My wife and I have been joking with our neighbors lately about TV ads that a
Super PAC supporting their cat, Kobie, might run against our cat, Owl.
Now Scott Simon's reporting on an ad someone actually made.
Christopher Shea highlights a new study that analyzes the effect of U.S. grain and soy subsidies on the American diet. The study's abstract leads with its contrarian, we're-taking-on-Michael-Pollan angle:
Many commentators have speculated that agricultural policies have
contributed to increased obesity rates in the United States, yet such
claims are often made without any analysis of the complex links between
real-world farm commodity support programs, prices and consumption of
foods, and caloric intake.
So, the Blunt amendment got killed in the Senate. And good riddance: you wouldn't know it from the L.A. Times's writeup, but the measure was a good bit broader than a reversal of the Obama administration's contraception mandate (which itself would have been nothing to celebrate). From the amendment text (pdf):
A health plan shall not be considered to have failed to provide the
essential health benefits package...on the basis that it declines to
provide coverage of specific items or services because...providing
coverage (or, in the case of a sponsor of a group health plan, paying
for coverage) of such specific items or services is contrary to the
religious beliefs or moral convictions of the sponsor, issuer, or other
entity offering the plan.
In other words, essentially a line-item veto of whatever the boss is morally opposed to, based on church teaching or otherwise.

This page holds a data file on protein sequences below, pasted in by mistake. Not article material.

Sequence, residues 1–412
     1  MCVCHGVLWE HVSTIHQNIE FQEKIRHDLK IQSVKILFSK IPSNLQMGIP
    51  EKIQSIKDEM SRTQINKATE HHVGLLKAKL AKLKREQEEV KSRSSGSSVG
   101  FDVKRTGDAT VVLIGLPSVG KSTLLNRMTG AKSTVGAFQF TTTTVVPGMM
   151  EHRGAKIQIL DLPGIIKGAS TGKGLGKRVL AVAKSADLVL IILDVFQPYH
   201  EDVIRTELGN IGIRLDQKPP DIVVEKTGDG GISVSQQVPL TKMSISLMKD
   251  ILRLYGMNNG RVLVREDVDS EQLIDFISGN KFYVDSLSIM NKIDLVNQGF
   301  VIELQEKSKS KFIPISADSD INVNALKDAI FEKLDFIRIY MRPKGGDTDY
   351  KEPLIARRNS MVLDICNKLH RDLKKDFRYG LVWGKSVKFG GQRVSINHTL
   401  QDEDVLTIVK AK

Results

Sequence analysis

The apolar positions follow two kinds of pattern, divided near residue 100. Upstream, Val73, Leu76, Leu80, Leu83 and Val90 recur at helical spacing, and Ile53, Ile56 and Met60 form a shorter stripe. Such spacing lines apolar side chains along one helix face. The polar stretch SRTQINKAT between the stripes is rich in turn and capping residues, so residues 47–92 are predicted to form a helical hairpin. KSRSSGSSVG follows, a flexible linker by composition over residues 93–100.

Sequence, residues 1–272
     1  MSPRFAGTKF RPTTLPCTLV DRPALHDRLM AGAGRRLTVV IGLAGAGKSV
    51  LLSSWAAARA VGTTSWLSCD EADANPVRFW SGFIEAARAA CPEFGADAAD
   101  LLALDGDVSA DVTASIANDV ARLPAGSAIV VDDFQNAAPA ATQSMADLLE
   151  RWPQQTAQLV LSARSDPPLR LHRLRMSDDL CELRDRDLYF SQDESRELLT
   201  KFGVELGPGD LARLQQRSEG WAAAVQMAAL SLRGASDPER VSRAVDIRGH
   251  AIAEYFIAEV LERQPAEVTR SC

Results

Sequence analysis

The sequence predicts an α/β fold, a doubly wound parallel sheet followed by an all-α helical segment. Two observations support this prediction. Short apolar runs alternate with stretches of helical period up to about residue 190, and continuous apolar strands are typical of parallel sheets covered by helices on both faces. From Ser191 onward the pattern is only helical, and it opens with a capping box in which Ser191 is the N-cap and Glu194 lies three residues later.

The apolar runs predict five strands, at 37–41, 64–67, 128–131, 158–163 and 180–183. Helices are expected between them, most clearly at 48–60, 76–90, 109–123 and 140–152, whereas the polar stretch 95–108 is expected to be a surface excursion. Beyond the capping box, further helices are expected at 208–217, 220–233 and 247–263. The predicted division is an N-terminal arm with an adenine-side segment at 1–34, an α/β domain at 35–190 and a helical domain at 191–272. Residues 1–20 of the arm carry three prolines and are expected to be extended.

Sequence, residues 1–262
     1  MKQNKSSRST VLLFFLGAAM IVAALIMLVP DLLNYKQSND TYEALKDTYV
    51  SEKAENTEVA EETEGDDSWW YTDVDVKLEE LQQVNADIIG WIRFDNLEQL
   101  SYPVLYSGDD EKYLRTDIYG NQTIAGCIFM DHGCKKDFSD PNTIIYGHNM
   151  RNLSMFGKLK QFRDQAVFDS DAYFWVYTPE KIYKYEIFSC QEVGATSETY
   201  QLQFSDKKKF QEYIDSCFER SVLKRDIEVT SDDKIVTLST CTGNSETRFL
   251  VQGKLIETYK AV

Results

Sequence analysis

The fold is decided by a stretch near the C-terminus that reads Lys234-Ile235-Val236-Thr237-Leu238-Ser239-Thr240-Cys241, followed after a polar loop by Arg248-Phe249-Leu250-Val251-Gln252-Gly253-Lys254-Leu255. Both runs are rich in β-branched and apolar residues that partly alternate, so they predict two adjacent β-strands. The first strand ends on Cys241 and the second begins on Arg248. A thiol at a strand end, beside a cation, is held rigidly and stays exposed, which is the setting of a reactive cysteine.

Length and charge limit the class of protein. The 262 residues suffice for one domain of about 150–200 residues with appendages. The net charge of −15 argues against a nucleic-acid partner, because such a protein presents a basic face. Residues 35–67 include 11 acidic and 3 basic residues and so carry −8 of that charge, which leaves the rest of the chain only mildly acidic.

So Bloomberg talked to some rich Wall Street types
about dealing with the impact of reduced bonuses. All populist
eye-rolling aside, I think this quote from Michael Sonnenfeldt--founder
of Tiger 21, a "peer-to-peer learning group for high-net-worth investors"--actually makes some sense:
Sonnenfeldt said [Tiger 21] members, most with a net worth of at
least $10 million, have been forced to “re-examine lots of
assumptions about how grand their life would be.”
While they aren’t asking for sympathy, “at their level, in
a different way but in the same way, the rug got pulled out,”
said Sonnenfeldt, 56. “For many people of wealth, they’ve had a
crushing setback as well.”
Sure--you don't have to be destitute to experience the disappointment of unmet financial expectations.
Attention mainline Protestants: a conservative Christian candidate for president would like to point out that your institutions are in decline, and that he doesn't mind because you're not Christian enough, anyway. Take that!
Before there was Barack Obama, the first black president, or Hillary Clinton, the first female nominee for president from a major party, there was Shirley Chisholm—the first black person and the first woman to run for president and the first African-American congresswoman. She announced her run for the presidency in 1972 with the slogan “Unbought and unbossed.” Although her candidacy was short-lived and she is largely forgotten, younger generations of African-American politicians consider her an icon. Chisholm also started the Congressional Black Caucus. “If they don’t give you a seat at the table, bring a folding chair,” was Chisholm’s philosophy. She died in 2005 at the age of 80 (BBC).